In the doubles, against the strong team of Slammin' Sammy Stosur and Renee Stubbs, the Williams girls played compelling tennis, and neither they nor their inspired opponents were above firing point-blank missiles at each other. Here's something that bothers me about the lack of exposure for doubles: It means that the vast bulk of matches in which the Williams sisters play together are simply not seen. I can't tell you want a pleasure it is to watch Venus and Serena on a doubles court. They seem so. . . relaxed - so contented and committed to the task at hand. They smack palms, utter encouragements, and hold conferences - meetings so focused that they wouldn't be out of place at Davos, or wherever it is that all those beautiful minds get together to flatter and stroke each other.
That's not what the sisters are doing, of course. They're talking strategy, although knowing the way Serena is, I can also see her changing the subject from cross-court chip returns to something utterly unrelated: Hey, Vee, what's up with daddy running around with that stupid camera, when he can get all the pictures of us that he wants off the Internet?
The sisters really seem to love doubles, and if I were a WTA or ITF honcho I'd want to make sure they get plenty of encouragement to keep doing it for as long as they can. And because Serena leans toward bulk, having half the court to cover would enable her to be a great doubles player for decades to come, even if she immediately embraced the chicken-fried steak and french fries diet. "We were really focused on the doubles," Serena told us. "They (Stosur and Stubbs) really picked up their level but we really wanted to win. Venus wanted to leave with a title, like I did last year. She wanted to have something to take home with her."
You gotta love someone to whom a trophy is still a trophy, not some giant and absurdly ornate goblet symbolizing nothing more than the inevitable inflow of another $3 million in endorsement money. These girls really like the thing in itself, which is touching. In fact, they have their silver and gold booty stashed all over at their various homes. "Everywhere I look there's a Wimbledon trophy, and tons of US Open ones," Serena admitted. "Lately I've been putting mine in LA, while Venus has I don't know how many of her Wimbledon trophies in Florida. And now all of these doubles trophies. . ."
She sounded rather like a pretty young thing, complaining - not at all convincingly - about having the attention of too many men.
This has been a great run for Serena. As she said, "About a year ago I had eight Grand Slam titles, who would have thought that I'd now have 11?"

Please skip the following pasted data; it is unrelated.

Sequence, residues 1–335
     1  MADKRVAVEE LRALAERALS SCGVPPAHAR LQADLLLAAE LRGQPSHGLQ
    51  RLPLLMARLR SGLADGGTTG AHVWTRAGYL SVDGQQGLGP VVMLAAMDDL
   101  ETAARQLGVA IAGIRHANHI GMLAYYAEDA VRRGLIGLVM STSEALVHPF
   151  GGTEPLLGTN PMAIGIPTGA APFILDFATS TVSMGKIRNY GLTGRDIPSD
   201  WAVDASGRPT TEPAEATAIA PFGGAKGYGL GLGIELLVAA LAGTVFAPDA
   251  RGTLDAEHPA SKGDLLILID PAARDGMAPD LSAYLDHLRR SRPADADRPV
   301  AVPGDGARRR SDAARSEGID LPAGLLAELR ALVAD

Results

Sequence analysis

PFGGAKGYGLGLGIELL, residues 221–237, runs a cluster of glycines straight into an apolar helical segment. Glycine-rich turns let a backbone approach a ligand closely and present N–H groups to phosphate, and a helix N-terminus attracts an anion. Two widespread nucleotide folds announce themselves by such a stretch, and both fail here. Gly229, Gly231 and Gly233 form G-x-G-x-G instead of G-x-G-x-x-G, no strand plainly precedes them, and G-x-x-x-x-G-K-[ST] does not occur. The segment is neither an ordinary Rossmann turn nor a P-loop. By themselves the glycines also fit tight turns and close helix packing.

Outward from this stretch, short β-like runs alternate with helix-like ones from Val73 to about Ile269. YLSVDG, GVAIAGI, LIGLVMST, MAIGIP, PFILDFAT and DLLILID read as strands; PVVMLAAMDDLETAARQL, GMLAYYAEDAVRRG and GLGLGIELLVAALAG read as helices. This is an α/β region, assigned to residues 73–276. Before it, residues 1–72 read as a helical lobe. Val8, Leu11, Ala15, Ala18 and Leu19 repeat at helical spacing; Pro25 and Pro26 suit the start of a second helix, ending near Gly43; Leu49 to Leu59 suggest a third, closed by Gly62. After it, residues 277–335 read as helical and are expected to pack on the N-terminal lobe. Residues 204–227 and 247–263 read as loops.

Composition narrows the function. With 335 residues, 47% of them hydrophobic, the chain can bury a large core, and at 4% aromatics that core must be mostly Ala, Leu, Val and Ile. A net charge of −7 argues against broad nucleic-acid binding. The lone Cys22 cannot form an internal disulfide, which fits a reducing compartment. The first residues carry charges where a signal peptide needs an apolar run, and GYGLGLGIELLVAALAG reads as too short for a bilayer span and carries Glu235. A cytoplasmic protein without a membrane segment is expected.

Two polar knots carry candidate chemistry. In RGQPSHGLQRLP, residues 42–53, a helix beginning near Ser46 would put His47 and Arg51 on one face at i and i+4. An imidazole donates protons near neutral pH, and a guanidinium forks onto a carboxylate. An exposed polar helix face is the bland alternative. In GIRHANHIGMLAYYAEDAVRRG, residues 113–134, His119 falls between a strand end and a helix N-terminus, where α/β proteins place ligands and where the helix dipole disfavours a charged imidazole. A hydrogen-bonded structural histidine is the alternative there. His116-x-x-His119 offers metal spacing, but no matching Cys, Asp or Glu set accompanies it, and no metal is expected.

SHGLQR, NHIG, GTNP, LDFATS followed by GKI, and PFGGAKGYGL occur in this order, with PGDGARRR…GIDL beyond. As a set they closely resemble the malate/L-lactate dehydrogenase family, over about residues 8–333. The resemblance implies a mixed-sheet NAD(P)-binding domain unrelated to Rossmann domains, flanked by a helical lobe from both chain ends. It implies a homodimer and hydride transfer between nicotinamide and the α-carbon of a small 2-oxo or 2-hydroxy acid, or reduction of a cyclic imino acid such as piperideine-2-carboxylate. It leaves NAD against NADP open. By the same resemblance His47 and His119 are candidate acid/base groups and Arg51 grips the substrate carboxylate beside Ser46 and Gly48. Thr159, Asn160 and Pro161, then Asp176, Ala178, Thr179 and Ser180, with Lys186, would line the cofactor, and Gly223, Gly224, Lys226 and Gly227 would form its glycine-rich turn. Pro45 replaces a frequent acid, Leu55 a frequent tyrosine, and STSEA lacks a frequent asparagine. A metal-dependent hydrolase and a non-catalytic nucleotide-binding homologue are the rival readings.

Well, quite a few people Serena, for the one thing people have figured out about you is that it's easy to underestimate your abilities. El Jon Wertheim asked Serena if she took any pleasure in changing the staid culture at Wimbledon, and she replied: "Today it was a little stuffy in the Royal area. Someone said, 'Wait, you have to wait for the Duke to pass. . .' I was like, 'I don't belong in here.' But I've never been like everyone else, and I think it's cool. In general, even going somewhere in LA or Florida, I don't like to look like everyone else. I like to look different."
Of her extraordinary ability to respond to the Grand Slam event challenge, Serena said: "I've always been this kind of person that excels, even in school, when the tests and exams come. I was always the best at getting the right answers and doing the right preparation. You can't buy (that innate ability to win), you have to be born with it."
All matters of Serena's abilities as a scholar and their relation to her talent for beating the tar out of anyone who crosses her path at a major aside, her current run brings back memories of 2002-03, the years of the "Serena Slam," when she at one point held all four titles in her hand. Is she playing as well? Does she appreciate what she's accomplishing a little more deeply, now that she's older and more familiar with adversity?
"That's a good question. . ." She thought for a moment. "I can't say it came easy back then. I definitely worked for it, but I didn't go running or go to the gym as much. It wasn't as intense." She reflected again: "Actually I did go to the gym, so I take it back. I was super fit. The skills came back (now)(, maybe that's it."
We were still staring at the window but the S train seemed to be pulling off and way from us. We craned our necks. How come she's only done well in Grand Slams for the past three or so years?
"I just think that I need to get more consistent with smaller tournaments and be more. . . serious . . " Before she even finished the sentence, she burst into a hearty, decidedly un-serious laugh.
Suddenly, a note of self chastisement, or perhaps it was just mystification, crept into her voice: "I don't have that many titles, thirty something. I think Kim (Clijsters) still has more titles than me. I really want to win the other ones, I really don't know how I lose them! That's one way '03 was better. I was winning all of them."
She seemed to lose interest in the topic and glanced at the screen of her phone. The S train was almost gone now, all that was left was the lantern blinking in the jaunty caboose.